No one expresses the greater confidence Isaac Humphries possesses this year better than Isaac Humphries.
After recalling the more experienced players ahead of him last season and his youth (he didn’t turn 18 until Jan. 5), Humphries all but promised he will help restore an inside presence for Kentucky this season.
“I guess this year’s it’s just me and Bam,” he said, the latter a reference to freshman Edrice “Bam” Adebayo. “Bam and I, we’re going to get it done.”
UK Coach John Calipari has talked about how Humphries is “way better” this year.
“He’s a little more self-assured,” Calipari said, “and I can’t help you with that. … He’s got to build confidence to where his teammates want to throw him the ball. I can’t just say, ‘Have confidence in him. Throw him the ball.’
“Well, it doesn’t work that way. He’s doing that himself, and that’s why you look at him out there and you say, ‘Wow.’”
Humphries, who averaged 1.9 points and 2.4 rebounds as a freshman, acknowledged initial doubt that he was good enough to play for Kentucky.
After an offseason dedicated to conditioning and an encouraging word from former coaches in his native Australia, Humphries no longer questions his place on the UK team.
“In Australia, I was talking to my old coaches,” he said. “They were just letting me know how I was back in the day. And it just really, I don’t know, made me remember why I loved it and all that stuff. And I just got a lot of confidence back and determination.
“Playing here, I feel like I very much belong.”
Preseason workouts bolstered this belief.
“I’ve been contributing a lot more than last year,” Humphries said. “Holding my own and all that kind of stuff. It’s all a confidence thing.”
Calipari likened Humphries to former UK big man Josh Harrellson, who struggled until blossoming as a senior. In his final season, Harrellson was a key contributor on a Final Four team.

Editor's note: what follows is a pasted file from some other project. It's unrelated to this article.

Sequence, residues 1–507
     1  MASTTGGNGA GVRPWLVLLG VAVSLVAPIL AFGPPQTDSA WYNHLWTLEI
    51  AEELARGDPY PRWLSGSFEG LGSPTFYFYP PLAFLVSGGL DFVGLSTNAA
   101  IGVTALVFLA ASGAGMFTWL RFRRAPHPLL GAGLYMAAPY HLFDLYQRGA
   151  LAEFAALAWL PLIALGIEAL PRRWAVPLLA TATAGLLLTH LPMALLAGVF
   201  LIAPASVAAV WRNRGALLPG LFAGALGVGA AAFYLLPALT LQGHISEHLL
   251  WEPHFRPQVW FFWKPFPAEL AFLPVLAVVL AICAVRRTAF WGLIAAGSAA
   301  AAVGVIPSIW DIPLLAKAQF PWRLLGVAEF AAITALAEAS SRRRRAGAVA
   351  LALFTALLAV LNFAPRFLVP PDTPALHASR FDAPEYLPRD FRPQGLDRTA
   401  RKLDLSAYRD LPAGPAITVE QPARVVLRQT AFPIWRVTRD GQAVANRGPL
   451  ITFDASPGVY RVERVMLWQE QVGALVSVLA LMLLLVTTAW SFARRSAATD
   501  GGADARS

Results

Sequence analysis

Calipari said he first thought of Harrellson as he watched Humphries play “below the rim.”
“Then Josh started dunking balls,” Calipari said. “Well, that’s what this kid is doing now. He does not lay any balls in. He’s trying to dunk every ball.”
After reminding reporters that Humphries is the age of a typical college freshman, Calipari lauded the sophomore’s ability to defend pick-and-roll action.
“If you can guard the guards we’re coming at you with, you can guard anybody we’re playing against,” Calipari said.
Heading into this season, the UK coach wants Humphries to be more of a vocal presence on the court.
Humphries tries to hide his youth by growing a beard. During a preseason interview session, the beard looked fuller and darker than the previous year’s whiskers.
“I haven’t had a bare face in years,” Humphries said. “Because I have the face like a 12-year-old. Without this (he stroked his beard), I look like a 5-year-old.”
Although his size (7-foot, 250 pounds) suggests he was made for basketball, Humphries arrived relatively late to the sport.
“Because basketball is not the No. 1 sport in my country,” Humphries said. “So it wasn’t as obvious as it would be here.”
Humphries was 13 when he took a serious interest in basketball. Beginning in elementary school and continuing until today, he’s delved deeply into music.
He plays four instruments (piano, alto sax, trumpet and drums) and sings.
“It’s just a bit of an outlet,” he said while making sure there’s no question about basketball coming first in his life.
Humphries gained a bit of exposure as a musician last season. Sports networks showed him playing piano at UK’s Fine Arts Building.
His teammates appreciate the musical interludes. “They think it’s really cool,” Humphries said. “They all know me really well now, and they know I’m such a different person and that I have just so many different things I like to do.”
Meet the Cats
Today’s stories on Isaac Humphries and Mychal Mulder are the ninth and 10th in a series of 14 on Kentucky’s 2016-17 men’s basketball players.
Coming next: Sacha Killeya-Jones.